UK and EU Leaders Proposing Unprecedented Solutions to Address the Region’s Escalating Energy Crisis
With the current energy crisis worsening, the United Kingdom and Europe are looking to winter with trepidation and an increased focus on building up energy inventories. LNG imports – particularly from the United States – are filling the gap for Europe’s immediate energy needs and storage demands ahead of the cold season, causing price increases that leaders are attempting to address.
Energy Imports and Power Demands
For Europe as a whole, LNG remains a vital lifeline with floating terminals taking a much shorter time to install than building pipelines and providing for a shortfall in countries’ own domestic energy production issues. From France’s closure of several nuclear plants for maintenance to Scandinavia and many southern European nations suffering from a severe drought impacting the hydroelectric sector, natural gas is keeping the lights on.
Most of this is from the United States, with around 60 percent of U.S. LNG or 115 kilotons per day going to Europe in August, according to Vortexa, commodities data company.
Despite the acute demand in Europe, and the abundant supply of LNG in the United States., U.S. Energy Sec. Jennifer Granholm has said reinstating export bans are not off the table.
When it comes to oil – which Europe is also importing in large quantities from the United States – the Secretary recently urged refining companies to limit fuel exports and place greater priority on boosting domestic fuel reserves:
“Given the historic level of U.S. refined product exports, I again urge you to focus in the near term on building inventories in the United States, rather than selling down current stocks and further increasing exports.”
Just months ago, Sec. Granholm met with U.S. refiners and conceded that export restrictions were not an effective long-term solution to high domestic energy prices. However, the renewed threat of limited U.S. exports should put Europe on edge.
Rising Energy Prices Across Europe
European countries are scrambling to fill up their storage facilities above their peak stocks. The entirety of the European Union collectively currently boasts around 888 terawatt hours (TWh) of natural gas in storage with a large volume of gas reserves consisting of LNG imports from the United States and Asia.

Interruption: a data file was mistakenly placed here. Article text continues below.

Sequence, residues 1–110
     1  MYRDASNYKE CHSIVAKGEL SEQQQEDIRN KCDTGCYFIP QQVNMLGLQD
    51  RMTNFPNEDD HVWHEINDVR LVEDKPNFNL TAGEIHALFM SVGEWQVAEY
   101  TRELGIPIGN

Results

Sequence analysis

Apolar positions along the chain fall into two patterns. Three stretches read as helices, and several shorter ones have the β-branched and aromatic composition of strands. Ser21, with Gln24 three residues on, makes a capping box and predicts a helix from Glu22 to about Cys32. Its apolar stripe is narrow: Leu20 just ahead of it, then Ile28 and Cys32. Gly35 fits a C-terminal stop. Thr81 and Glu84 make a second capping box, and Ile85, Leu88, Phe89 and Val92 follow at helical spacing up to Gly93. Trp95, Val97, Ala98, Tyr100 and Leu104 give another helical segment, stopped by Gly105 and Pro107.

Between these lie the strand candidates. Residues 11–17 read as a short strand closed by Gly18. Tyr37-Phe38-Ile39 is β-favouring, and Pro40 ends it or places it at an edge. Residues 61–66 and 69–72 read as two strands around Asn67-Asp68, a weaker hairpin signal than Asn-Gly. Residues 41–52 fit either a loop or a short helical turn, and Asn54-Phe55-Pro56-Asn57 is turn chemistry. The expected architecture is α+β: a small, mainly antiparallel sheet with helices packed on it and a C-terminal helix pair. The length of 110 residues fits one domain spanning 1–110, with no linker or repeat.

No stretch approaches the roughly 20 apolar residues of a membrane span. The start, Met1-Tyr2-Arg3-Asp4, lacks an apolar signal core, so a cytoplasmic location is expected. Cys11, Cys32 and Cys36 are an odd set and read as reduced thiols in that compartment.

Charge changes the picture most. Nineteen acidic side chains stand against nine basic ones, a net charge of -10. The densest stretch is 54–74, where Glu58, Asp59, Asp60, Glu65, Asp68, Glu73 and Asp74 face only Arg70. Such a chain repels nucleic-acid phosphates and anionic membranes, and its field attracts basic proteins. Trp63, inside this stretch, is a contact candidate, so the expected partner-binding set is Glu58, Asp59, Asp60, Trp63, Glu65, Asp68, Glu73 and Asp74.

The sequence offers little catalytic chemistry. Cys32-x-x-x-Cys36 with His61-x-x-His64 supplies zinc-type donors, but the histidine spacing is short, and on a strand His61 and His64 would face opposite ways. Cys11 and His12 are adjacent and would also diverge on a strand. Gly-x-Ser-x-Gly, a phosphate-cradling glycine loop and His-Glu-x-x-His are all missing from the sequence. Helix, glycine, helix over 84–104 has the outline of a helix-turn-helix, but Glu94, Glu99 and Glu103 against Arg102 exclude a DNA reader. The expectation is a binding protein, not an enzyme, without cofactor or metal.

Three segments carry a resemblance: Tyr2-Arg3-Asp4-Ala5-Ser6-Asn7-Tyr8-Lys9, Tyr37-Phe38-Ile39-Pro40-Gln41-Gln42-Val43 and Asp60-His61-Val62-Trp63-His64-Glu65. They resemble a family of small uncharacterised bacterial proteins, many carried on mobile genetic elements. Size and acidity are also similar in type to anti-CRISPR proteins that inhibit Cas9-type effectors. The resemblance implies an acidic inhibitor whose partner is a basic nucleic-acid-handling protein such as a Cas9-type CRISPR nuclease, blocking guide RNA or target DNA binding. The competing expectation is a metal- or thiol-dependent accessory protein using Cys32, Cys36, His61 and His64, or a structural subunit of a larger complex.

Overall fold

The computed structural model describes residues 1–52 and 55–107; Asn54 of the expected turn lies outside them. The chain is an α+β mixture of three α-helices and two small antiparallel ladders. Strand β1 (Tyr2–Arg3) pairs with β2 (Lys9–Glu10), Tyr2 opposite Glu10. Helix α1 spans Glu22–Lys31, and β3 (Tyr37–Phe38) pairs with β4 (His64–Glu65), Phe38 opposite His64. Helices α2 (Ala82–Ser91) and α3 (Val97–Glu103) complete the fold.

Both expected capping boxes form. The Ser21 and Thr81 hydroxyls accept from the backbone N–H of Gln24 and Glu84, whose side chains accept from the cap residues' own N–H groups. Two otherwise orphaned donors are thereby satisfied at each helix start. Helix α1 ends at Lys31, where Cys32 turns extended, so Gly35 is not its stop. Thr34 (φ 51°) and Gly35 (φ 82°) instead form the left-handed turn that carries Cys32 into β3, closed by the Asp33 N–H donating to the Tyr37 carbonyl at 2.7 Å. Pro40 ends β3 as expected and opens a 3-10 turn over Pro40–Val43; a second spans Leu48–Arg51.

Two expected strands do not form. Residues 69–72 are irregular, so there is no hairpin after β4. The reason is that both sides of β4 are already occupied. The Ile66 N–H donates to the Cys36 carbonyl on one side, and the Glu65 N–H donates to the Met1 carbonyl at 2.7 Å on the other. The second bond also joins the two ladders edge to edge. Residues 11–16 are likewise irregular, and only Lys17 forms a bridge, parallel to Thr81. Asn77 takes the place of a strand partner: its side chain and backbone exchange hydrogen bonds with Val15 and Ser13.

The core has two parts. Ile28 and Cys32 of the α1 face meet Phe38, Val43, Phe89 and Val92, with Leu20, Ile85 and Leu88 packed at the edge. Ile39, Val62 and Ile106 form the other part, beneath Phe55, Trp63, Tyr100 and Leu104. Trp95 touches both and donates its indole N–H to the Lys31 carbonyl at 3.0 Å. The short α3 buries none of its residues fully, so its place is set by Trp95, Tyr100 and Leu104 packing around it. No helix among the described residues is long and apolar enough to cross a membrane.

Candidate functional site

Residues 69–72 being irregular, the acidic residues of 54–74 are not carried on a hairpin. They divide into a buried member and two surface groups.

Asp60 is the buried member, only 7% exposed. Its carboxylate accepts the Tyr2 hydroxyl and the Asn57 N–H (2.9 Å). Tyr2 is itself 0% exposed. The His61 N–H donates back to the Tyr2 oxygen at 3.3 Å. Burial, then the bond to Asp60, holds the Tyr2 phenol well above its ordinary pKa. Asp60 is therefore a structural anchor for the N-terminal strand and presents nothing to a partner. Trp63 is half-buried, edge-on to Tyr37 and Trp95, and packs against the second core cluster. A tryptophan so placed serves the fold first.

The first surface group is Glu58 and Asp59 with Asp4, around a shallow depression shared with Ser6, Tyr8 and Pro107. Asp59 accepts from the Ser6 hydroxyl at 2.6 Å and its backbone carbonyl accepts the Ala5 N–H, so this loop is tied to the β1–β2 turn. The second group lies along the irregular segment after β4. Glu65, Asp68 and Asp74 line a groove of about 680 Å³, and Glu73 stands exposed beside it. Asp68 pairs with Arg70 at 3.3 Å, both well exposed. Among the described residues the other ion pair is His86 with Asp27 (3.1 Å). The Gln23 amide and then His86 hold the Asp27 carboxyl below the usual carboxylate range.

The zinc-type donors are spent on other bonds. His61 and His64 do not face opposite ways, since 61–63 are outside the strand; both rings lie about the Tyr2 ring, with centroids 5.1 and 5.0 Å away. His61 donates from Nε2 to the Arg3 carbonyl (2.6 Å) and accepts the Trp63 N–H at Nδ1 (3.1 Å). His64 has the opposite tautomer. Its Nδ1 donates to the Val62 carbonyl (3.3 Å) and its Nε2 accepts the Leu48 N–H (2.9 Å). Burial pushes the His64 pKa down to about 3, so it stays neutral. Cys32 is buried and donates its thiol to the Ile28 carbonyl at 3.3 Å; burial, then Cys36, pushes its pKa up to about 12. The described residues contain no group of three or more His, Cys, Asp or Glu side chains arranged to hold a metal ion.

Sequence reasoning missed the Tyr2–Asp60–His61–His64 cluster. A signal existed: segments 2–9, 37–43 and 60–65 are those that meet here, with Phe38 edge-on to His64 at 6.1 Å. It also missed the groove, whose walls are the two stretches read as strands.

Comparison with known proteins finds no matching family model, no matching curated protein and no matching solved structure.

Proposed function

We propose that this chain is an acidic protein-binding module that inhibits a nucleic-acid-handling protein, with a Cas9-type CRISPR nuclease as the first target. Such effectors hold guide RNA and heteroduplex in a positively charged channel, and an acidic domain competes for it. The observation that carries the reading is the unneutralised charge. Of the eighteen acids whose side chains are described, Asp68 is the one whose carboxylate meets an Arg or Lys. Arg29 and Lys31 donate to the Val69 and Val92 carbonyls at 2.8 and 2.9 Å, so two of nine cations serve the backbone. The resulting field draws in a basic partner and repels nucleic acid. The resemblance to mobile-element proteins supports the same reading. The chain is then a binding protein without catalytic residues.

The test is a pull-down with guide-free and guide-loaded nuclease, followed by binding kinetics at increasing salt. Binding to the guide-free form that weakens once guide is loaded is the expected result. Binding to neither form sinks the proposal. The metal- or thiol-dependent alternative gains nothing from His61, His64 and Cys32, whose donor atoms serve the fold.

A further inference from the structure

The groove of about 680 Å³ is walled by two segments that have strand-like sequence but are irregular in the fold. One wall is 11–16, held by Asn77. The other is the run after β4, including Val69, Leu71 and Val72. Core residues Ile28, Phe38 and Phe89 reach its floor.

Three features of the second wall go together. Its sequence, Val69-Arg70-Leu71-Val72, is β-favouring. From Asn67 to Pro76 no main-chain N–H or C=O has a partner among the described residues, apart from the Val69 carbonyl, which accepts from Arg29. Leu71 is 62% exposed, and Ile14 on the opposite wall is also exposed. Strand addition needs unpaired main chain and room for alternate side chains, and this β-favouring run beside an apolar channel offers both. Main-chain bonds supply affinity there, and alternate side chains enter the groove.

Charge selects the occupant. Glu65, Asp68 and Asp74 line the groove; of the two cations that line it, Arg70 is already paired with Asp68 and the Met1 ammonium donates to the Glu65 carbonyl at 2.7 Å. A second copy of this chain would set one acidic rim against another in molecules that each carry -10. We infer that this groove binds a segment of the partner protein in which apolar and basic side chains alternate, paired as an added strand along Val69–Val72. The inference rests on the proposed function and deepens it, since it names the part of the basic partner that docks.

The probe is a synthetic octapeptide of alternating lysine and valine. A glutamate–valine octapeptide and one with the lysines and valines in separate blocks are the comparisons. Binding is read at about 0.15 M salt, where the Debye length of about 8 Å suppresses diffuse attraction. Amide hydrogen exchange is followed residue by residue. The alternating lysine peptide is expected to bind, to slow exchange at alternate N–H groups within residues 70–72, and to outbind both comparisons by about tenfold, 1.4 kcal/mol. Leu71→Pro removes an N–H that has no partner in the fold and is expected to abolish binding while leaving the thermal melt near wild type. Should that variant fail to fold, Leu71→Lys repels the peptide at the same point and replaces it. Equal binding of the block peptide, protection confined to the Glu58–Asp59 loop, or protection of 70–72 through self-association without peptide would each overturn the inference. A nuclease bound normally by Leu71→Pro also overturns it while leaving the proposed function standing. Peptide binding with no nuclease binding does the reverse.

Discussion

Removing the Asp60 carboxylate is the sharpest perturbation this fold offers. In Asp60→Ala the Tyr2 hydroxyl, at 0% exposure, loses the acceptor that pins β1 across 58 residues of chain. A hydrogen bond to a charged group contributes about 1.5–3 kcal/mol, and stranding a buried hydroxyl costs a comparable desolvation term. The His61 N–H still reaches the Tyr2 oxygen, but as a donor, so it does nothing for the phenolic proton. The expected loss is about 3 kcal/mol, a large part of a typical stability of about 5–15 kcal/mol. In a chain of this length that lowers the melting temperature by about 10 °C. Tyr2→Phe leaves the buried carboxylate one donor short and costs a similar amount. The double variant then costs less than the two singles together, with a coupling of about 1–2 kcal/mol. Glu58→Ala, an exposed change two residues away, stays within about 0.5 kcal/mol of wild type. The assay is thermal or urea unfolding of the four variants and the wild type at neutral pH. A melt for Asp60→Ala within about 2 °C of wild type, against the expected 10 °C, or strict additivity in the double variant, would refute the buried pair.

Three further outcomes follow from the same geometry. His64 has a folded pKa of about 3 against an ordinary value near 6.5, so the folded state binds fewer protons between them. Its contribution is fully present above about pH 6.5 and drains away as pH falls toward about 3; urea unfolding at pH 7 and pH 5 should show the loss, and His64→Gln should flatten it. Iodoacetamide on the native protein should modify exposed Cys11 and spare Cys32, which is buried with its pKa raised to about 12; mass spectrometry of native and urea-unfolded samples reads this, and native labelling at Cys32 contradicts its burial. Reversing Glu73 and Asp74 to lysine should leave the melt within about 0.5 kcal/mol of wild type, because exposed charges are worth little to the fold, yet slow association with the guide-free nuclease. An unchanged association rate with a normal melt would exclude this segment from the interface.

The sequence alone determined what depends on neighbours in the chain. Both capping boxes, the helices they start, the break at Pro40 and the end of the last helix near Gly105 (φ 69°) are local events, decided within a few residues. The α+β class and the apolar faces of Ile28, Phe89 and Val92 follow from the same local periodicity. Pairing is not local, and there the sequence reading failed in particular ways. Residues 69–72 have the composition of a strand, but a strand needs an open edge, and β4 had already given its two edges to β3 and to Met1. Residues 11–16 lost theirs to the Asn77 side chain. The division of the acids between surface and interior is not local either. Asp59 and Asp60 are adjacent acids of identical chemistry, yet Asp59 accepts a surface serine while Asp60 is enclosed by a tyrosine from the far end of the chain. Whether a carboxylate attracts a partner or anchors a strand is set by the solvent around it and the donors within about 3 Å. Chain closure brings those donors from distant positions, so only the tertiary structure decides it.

Current reserves have already surpassed peak stored levels ahead of last winter, but the lack of domestic energy production and decline in regional electricity generation are driving policymakers to purchase surplus stocks.
On Monday, European Commission President Ursula von der Leyen announced that the EU is planning an ‘emergency intervention’ in the bloc’s energy markets as spiralling natural gas prices look set to continue this winter and long into next year. And as winter approaches, the Czech Republic, which holds the rotating EU Presidency, is proposing something unimaginable less than a year ago, advocating for the EU to establish a ‘cap’ on natural gas prices used for electricity generation.
In the UK last Friday, Ofgem, the energy industry regulator, announced that the annual price cap for a household’s energy bills will increase to £3,549 (USD $4,121.10), an 80 percent increase on the price cap announced in April, reflecting the increase in wholesale gas prices.
These proposals come off the back of energy costs on the continent spiking nearly tenfold in the last 12 months, with the European electricity benchmark soaring to €1,000 (USD $1,161.20) per megawatt hour for the first time in history.
Energy Policy Transformation in the United Kingdom
In the UK, it will be up to the new Prime Minister to provide a long-term strategy for energy security. The favoured candidate, Liz Truss, will reportedly approve a series of oil and gas drilling licenses in the North Sea as one of her first acts as Prime Minister. She recently said:
“We will end the effective ban on extracting our huge reserves of shale gas by fracking but be led by science, setting out a plan to ensure communities benefit.”
Regarding onshore hydraulic fracturing, Truss indicated that there would need to be clear benefits to communities where production would take place. UK energy firms have responded by creating plans that provide financial incentives to residents living nearby well sites. Truss has ruled out any additional windfall tax on energy producers.
Truss’s commitment to restart fracking and double down on North Sea production would signal a remarkable about-face for the UK. The nation banned fracking in 2019, and while the previous Conservative government opened the door to a fracking resurgence, it never materialized.
Bottom Line: Europe’s demand for energy and energy security is causing a run on natural gas supplies to stave off a cold winter. U.S. LNG is helping to keep the lights on across the United Kingdom and Europe, but as wholesale prices and downstream electricity prices rise, policymakers are looking to unexpected solutions to keep prices affordable.